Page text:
The launch in Jalisco of Petro Seven marks another step in the realignment of Mexico’s gas station market, two years after major reforms opened up the energy sector to private participation.
Petro Seven is a northern Mexican-owned company operating in tandem with the 7-11 convenience store chain. They hold the operating rights to 240 gas stations in Mexico.
Ribbon-cutting at the first of ten planned Petro Seven-branded gas stations in Jalisco took place recently at a gas station located in La Tijera on the southbound trajectory of Lopez Matoes Sur, 3.5 kilometers from the Periferico, in the municipality of Tlajomulco.
Under the 2015 reforms, gas station concessionaires are free to sever their ties with Pemex, and operate under their own brand without restrictions on the services and products they offer. They can also open new stations if they wish, although the locations are still heavily regulated.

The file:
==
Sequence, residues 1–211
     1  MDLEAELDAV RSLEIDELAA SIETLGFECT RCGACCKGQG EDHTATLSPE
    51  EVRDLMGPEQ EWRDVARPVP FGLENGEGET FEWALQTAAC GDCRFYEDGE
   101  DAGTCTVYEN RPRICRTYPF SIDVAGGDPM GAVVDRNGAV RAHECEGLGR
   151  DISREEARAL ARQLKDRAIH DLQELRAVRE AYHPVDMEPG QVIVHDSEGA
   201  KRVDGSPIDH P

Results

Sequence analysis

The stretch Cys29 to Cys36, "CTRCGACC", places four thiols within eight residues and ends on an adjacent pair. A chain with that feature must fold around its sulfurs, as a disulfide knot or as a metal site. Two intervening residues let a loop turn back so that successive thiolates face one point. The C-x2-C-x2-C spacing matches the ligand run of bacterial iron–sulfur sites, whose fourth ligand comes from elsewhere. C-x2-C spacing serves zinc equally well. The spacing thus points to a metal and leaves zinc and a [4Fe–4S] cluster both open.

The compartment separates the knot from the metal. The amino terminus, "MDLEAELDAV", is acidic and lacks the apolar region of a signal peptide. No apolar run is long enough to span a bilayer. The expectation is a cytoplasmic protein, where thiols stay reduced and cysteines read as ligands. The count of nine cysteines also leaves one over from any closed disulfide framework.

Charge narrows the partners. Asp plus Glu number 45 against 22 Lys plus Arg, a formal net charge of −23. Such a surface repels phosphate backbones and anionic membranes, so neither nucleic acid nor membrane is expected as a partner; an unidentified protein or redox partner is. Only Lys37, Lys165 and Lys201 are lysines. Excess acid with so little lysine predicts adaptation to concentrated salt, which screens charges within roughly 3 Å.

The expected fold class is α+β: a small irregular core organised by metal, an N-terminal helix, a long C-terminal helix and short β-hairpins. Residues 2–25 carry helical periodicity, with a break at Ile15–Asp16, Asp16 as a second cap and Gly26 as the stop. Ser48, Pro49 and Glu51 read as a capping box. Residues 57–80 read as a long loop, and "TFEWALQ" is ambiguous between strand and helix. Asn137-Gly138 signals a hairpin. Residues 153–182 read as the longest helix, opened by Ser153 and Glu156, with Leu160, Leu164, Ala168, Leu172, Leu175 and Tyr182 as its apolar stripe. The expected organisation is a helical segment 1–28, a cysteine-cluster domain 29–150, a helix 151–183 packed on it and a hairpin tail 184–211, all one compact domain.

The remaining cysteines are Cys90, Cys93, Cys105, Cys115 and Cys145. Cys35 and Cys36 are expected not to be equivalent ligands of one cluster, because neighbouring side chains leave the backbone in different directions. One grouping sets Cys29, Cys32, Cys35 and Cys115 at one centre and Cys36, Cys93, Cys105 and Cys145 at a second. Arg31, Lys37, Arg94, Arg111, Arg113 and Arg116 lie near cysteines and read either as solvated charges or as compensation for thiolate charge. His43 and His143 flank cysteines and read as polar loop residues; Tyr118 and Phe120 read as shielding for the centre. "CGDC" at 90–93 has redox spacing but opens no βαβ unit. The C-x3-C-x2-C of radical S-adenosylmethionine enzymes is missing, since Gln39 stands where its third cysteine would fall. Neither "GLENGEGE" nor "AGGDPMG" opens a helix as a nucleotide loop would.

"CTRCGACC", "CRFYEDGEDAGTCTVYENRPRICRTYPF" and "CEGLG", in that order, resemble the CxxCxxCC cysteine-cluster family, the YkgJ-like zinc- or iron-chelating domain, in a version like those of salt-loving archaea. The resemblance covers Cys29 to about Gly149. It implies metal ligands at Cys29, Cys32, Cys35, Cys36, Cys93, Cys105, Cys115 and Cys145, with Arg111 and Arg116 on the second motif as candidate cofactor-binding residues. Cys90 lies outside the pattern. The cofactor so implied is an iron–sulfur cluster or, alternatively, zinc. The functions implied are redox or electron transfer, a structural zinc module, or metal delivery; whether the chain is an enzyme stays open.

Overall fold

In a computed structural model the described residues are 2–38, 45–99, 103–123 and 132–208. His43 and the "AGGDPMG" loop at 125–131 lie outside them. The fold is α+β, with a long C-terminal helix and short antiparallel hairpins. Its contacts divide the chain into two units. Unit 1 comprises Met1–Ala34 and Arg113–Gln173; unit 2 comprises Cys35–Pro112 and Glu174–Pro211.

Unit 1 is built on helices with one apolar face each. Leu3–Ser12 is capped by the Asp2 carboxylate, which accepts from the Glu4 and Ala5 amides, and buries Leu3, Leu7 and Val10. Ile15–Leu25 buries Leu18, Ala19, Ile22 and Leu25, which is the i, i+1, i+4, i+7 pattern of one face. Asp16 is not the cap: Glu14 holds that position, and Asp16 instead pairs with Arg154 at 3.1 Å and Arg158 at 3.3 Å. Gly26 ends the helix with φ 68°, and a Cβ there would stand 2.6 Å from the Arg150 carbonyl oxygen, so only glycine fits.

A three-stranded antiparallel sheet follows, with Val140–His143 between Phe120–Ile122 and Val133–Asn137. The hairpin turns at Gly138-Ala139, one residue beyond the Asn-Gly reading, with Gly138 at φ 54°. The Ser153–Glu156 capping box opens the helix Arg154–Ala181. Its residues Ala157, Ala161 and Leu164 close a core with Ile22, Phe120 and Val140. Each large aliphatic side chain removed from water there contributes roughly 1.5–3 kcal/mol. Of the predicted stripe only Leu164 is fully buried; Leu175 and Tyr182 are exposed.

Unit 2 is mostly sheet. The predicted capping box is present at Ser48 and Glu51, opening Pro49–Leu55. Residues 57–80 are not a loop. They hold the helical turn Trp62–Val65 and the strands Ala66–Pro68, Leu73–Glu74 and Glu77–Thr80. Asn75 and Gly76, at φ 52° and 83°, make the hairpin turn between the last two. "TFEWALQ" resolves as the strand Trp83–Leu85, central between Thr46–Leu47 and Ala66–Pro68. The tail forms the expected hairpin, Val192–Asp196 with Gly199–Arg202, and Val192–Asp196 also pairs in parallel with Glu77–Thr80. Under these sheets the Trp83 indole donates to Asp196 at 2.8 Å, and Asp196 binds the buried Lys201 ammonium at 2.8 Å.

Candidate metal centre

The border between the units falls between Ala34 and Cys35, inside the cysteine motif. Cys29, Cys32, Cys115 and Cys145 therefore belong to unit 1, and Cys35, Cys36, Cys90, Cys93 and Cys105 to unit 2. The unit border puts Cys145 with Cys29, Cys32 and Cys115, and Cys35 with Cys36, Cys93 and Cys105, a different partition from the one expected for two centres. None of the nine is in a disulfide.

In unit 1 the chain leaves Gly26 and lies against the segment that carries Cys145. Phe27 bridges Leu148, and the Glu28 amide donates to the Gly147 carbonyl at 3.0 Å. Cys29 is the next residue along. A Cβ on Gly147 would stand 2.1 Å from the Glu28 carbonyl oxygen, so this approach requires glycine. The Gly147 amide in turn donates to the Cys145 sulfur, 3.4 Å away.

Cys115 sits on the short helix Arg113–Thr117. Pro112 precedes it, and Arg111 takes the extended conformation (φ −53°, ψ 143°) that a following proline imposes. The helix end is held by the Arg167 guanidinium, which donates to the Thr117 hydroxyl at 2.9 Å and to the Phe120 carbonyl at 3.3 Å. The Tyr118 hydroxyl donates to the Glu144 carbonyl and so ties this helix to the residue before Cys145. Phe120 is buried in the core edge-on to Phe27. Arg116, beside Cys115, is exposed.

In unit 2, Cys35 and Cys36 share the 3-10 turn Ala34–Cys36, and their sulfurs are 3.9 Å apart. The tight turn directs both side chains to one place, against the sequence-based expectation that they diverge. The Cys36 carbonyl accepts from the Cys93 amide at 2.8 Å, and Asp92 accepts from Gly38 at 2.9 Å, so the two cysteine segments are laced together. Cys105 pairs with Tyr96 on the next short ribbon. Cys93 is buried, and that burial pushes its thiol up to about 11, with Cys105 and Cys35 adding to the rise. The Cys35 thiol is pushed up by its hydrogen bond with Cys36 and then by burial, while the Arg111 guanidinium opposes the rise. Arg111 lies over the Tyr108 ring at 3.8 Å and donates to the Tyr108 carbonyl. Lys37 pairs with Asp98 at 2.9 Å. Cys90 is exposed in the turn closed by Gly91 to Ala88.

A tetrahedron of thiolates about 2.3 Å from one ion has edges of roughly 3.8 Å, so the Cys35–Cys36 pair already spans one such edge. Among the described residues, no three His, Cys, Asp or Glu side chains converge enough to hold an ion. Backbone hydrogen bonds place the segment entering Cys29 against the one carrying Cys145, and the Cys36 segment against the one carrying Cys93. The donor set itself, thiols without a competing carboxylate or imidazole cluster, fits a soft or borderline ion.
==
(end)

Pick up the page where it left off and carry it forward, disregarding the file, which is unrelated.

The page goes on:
Around 22 percent of gas stations in Mexico now operate under a brand other than Pemex, although the majority – including Petro Seven – still rely on the oil giant to supply then with their fuel. With government fixing of the price of gas set to be lifted throughout the entire country at the end of November, the gas station market is heatting up as national companies such as Oxxo Gas, Petro Seven, Hidrosina, LaGas and Eco have been joined by multinationals Shell, BP, Exxon and others.
Petro Seven is currently operating in seven Mexican states and, unlike Pemex, offers customers loyalty points, coupons, pre-paid cards and its own range of lubricants among other services. However, despite its “divorce” from Pemex, the firm has copied the colors of the former state monopoly: red, green and white.
Meanwhile, Pemex has announced the launch of a major image rebrand later this month.